Now, the water ALSO flows strongly along the back wall of the tank, circling around and then moving traveling along the front wall and back to the intake. Like a whirlpool. In a whirlpool in nature you would expect a dead zone in the center, but I believe the design of the lily pipe (when placed along the front or back glass, creating this whirlpool) also "folds" the water creating laminar flow that continuously drags water through the center of the tank and preventing the center from being a dead zone, despite the whirlpool effect that seems to happen (IME) when the outflow pipe is placed towards the front/back glass.

I tried to draw a quick sketch in Paint to show what I am talking about. Please look at this picture and notice that this picture can represent a view of the water flow in the aquarium when looking from ABOVE, or when looking from the FRONT. The flow seems to take this pattern in both directions. It is hard for me to articulate the words to describe what I am seeing in my aquarium based on the movement/distribution of the co2 bubbles, so hopefully you guys understand. In a nutshell, I think that by placing the outflow on the front or back of the tank, a U pattern is created but this is a double U (water moving on top, down, along the bottom then up to the intake, as well as along the back, along the side, along the front, and then up back into the intake.) All the bases seem to be covered this way.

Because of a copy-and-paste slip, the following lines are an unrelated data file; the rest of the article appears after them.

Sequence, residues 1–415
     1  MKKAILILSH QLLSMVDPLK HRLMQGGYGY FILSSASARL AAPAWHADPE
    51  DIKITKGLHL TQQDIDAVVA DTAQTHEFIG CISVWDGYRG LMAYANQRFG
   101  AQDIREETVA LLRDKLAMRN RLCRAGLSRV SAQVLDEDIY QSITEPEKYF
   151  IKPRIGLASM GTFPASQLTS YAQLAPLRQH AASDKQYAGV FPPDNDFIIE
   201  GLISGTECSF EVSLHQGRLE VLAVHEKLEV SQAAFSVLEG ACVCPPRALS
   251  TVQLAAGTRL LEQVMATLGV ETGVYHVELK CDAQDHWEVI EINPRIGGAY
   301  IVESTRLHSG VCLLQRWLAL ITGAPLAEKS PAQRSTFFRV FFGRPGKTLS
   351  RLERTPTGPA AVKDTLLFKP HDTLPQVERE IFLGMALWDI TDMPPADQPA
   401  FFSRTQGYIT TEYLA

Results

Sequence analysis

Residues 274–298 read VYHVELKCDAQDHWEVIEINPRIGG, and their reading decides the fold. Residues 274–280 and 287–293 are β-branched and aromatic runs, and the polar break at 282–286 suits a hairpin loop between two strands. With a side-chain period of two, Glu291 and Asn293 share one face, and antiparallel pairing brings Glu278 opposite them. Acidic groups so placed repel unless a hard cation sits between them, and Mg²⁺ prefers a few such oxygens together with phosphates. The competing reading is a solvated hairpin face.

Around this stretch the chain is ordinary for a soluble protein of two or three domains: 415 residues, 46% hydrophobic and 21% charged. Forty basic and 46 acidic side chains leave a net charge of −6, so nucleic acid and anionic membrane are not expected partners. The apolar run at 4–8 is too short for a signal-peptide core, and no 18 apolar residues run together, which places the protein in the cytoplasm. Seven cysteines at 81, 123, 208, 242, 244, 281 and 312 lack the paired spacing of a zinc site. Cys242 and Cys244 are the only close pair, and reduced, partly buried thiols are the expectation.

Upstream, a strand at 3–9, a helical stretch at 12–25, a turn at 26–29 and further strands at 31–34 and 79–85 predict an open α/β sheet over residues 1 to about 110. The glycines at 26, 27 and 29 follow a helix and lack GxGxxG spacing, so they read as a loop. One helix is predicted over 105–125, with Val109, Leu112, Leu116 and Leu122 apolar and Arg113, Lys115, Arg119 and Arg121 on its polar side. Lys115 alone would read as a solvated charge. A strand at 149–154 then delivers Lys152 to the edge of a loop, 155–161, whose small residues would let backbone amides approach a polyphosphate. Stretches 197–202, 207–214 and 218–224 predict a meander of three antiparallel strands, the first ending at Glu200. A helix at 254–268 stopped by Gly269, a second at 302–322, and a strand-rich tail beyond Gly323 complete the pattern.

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That was very intresting! I knew that once the flow is not turbulent there will be things that are not intuitive. I thought along the lines of the flow "pulling" particles from everywhere. But I never thought that the "U shape" of the flow would be the same vertically and horizontally. And on top of that - wherever you move the Lily pipe setup.

At this point I don't know if we are noticing things that Amano himself has not noticed. As I just described in the other thread after talking to Luis today it seemed to me that the original design and placement of the Lily Pipe and intake were as they are because of the CO2.

But we can't deny the venturi action, the aeration function, the surface scum sucking ability, and the flow that seems to really, really make sense in every dimension. On top of that the glassware looks way better than any plastic piping we know.

I'd say that now the question is not if we can create laminar flow, but "Can we create directional flow that does not allow particles to linger in the water column, distributes the CO2 well, and does not leave stagnant areas?"

It's pretty amazing how the Japanese have solved all of that (and more) with the Lily pipe.

--Nikolay